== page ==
From the above data, it is clear that the concentration of C. microphyllusextract is inversely proportional to the rate of corrosion, which is used as an inhibitor. Adsorption of active phytochemicals of C. microphyllusextract occurs on the surface of mild steel, which reduces the surface area available for corrosion that is why the rate of corrosion decreases. The highest inhibition efficiency 88.08% is obtained at 600 mg/L.

3.1.3 Electrochemical measurements

An electrochemical workstation is used for the electrochemical measurement. The workstation is made up of three electrodes: (a) the working electrode of metal which works like anode (b) saturated calomal electrode as the reference electrode work like cathode, and (c) platinum electrode as the counter electrode for collect current. In this measurement, metal or alloy was immersed in cleaning or pickling solutions and different concentrations of C. microphyllusaerial part extract were added immersed for a specific time. At room temperature, the values of the open circuit potential (OCP) were noted with respect to the reference electrode. The scanning frequency from 100 kHz to 0.01 Hz is used for recording the Nyquist plot. A 5 mV signal amplitude perturbation at OCP was considered in EIS measurement. The authentic values were taken after three-time repeat measurement.

In Figure 10 shown Nyquist plot explained that 600 mg/L C. microphyllusextract provided larger radius semicircles. The diameter of the capacitive loop was enlarged by increasing C. microphyllusextract concentration, highest at 600 mg/L explaining also the highest inhibition effect. The radiuses of the semicircles in the case of using the C. microphyllusextract were larger than the blank. Because of same shapes of semicircles, it means the mechanism is not change. Calculated EIS results from the following equation provided the percentage inhibition efficiency of bio-inhibitor in the electrolytes [14]:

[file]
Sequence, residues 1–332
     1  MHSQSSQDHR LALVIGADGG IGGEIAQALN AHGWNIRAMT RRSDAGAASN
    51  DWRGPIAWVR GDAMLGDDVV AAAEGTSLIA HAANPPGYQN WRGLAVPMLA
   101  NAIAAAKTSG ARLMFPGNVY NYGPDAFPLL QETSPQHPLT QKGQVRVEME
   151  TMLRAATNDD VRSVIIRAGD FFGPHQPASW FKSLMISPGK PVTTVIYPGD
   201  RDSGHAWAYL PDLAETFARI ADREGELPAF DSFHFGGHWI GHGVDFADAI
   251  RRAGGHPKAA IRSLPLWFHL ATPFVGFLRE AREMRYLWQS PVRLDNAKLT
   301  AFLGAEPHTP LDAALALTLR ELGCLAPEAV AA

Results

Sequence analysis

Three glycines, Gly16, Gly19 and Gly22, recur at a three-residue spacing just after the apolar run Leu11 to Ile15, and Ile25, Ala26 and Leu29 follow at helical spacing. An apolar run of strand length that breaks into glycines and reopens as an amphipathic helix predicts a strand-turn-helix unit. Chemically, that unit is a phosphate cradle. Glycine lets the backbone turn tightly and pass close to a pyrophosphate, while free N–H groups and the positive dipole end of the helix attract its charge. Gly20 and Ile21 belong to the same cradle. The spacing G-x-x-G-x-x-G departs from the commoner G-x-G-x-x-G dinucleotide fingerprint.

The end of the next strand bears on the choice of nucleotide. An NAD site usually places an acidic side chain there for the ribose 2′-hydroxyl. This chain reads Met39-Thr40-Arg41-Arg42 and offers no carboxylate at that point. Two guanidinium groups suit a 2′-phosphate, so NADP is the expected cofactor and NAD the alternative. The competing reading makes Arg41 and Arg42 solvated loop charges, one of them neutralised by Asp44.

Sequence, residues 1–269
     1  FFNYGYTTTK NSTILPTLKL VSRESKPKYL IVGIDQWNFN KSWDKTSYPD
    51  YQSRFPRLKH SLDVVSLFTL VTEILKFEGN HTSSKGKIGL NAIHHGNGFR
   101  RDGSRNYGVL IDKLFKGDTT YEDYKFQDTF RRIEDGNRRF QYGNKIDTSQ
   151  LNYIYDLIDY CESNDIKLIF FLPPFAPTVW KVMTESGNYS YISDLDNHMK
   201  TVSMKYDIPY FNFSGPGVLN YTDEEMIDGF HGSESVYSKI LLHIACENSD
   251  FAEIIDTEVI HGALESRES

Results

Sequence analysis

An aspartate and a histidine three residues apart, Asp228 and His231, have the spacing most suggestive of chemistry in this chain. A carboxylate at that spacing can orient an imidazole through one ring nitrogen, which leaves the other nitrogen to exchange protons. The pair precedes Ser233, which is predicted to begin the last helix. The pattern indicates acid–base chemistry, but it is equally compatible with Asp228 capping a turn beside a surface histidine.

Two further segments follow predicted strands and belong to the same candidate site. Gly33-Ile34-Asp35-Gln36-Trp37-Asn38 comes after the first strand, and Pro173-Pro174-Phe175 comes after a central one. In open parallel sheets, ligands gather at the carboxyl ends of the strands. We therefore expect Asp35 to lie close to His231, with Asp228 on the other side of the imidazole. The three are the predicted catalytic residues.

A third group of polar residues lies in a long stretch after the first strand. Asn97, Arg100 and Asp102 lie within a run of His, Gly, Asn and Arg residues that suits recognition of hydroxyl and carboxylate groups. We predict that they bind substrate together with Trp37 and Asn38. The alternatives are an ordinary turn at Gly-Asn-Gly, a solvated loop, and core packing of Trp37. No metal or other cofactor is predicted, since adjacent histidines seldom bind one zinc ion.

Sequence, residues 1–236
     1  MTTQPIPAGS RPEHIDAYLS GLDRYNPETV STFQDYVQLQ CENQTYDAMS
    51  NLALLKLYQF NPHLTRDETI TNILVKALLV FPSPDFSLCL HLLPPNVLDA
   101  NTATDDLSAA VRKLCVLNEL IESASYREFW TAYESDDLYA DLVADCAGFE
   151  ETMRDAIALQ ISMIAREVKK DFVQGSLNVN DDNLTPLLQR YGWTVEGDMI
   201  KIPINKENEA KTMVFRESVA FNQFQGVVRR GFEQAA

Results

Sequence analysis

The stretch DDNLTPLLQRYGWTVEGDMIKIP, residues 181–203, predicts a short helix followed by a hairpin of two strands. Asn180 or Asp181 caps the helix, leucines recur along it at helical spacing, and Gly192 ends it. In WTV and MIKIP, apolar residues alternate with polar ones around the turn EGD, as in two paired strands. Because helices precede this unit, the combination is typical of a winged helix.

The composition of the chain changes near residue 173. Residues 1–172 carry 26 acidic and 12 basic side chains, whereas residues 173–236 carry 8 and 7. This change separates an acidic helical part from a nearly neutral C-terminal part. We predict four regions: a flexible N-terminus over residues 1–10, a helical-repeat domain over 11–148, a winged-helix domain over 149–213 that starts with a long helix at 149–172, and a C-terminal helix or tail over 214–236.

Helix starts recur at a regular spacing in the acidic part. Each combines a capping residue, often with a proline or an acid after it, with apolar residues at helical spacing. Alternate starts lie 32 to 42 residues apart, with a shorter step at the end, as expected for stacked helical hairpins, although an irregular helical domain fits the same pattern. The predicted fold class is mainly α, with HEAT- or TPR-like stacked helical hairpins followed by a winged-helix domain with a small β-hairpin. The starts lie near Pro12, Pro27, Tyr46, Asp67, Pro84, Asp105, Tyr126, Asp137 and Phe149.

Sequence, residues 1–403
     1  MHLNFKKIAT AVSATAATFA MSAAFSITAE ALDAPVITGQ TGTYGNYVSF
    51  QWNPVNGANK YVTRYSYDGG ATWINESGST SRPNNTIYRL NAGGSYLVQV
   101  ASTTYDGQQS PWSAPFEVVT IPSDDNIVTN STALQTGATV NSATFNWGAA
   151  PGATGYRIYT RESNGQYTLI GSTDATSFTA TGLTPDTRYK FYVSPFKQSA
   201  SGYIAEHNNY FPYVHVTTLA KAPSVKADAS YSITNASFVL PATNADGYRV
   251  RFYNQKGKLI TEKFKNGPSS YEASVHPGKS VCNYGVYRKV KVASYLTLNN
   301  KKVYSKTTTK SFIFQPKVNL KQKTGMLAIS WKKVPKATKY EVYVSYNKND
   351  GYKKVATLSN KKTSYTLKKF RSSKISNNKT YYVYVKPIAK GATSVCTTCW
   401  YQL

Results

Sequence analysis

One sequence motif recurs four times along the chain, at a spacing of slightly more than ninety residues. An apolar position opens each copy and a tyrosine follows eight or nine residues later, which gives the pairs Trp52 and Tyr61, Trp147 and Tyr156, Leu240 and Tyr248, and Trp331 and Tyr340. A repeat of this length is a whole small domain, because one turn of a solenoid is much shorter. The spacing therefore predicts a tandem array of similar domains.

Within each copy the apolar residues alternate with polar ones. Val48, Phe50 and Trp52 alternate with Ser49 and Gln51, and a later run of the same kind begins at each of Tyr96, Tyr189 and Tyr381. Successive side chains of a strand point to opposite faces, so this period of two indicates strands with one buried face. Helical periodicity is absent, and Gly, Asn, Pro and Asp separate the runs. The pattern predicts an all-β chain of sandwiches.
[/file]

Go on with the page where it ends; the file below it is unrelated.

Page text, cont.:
Figure 10.

Nyquist plot of mild steel in 0.5 M H2SO4 solution in the absence and presence ofC. microphyllusextract.


where, Rctand Rct0represent the charge transfer resistance in inhibitor and blank, respectively [15].

From Table 2, it is clear that maximum inhibition efficiency of 89.87% was obtained at 600 mg/L of C. microphyllusextract, where the highest Rct value was 155.13 [15]. In Table 3, value of the double-layer capacitor (Cdl) gradually decreasing means protective layer gradually form at the metal surface [16].

Concentration of inhibitor (mg/L)Rct(Ω cm2)fmax(Hz)Rs(Ω cm2)Cdl(μF cm−2)NEfficiency (IE %)Θ

Table 2.

EIS parameters of mild steel in 0.5 M H2SO4 without and at different concentrations of C. microphyllusat 298 K.

Hydroxycinnamic acid−6.226−1.9964.2301.9966.2264.1112.1150.1676

Table 3.

The HOMO and LUMO energies (eV), ELUMO-EHOMO energy gap (ΔEL-H), electron affinity (A), ionization potential (I), electronegativity (χ), hardness (η), and a fraction of electrons transferred (∆N) for extract compounds.

3.2 Computational studies

3.2.1 DFT optimization

For the evaluation of electronic features of C. microphyllusextract molecules (including hydroxylcinnamic acid and kaempferol shown in Figure 11), the structures were initially optimized by density functional theory (DFT) using Gaussian 09 program. Optimization was done viawidely used functional of B3LYP, which was combined with 6-311G** basis function. By a combination of SCRF theory and PCM formula, these calculations were continued in the liquid phase. After optimization, the following properties were analyzed: graphics, energies, and gap of molecular orbitals of highest occupied and lowest unoccupied (HOMO, LUMO, EHOMO, ELUMO, and ELUMO-EHOMO = ΔEL-H) and partial charges [17].

Figure 11.

The B3LYP/6-311G** optimized geometry, HOMO, and LUMO of kaempferol and hydroxycinnamic acid compounds.